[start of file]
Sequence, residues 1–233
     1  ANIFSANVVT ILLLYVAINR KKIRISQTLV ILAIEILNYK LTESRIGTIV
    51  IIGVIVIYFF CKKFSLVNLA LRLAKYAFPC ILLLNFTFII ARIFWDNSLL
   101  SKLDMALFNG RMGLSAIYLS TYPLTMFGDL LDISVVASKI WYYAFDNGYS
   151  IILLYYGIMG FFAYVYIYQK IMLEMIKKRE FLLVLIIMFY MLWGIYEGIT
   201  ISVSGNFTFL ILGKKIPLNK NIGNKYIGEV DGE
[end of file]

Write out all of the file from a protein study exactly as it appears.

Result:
Sequence, residues 1–233
     1  ANIFSANVVT ILLLYVAINR KKIRISQTLV ILAIEILNYK LTESRIGTIV
    51  IIGVIVIYFF CKKFSLVNLA LRLAKYAFPC ILLLNFTFII ARIFWDNSLL
   101  SKLDMALFNG RMGLSAIYLS TYPLTMFGDL LDISVVASKI WYYAFDNGYS
   151  IILLYYGIMG FFAYVYIYQK IMLEMIKKRE FLLVLIIMFY MLWGIYEGIT
   201  ISVSGNFTFL ILGKKIPLNK NIGNKYIGEV DGE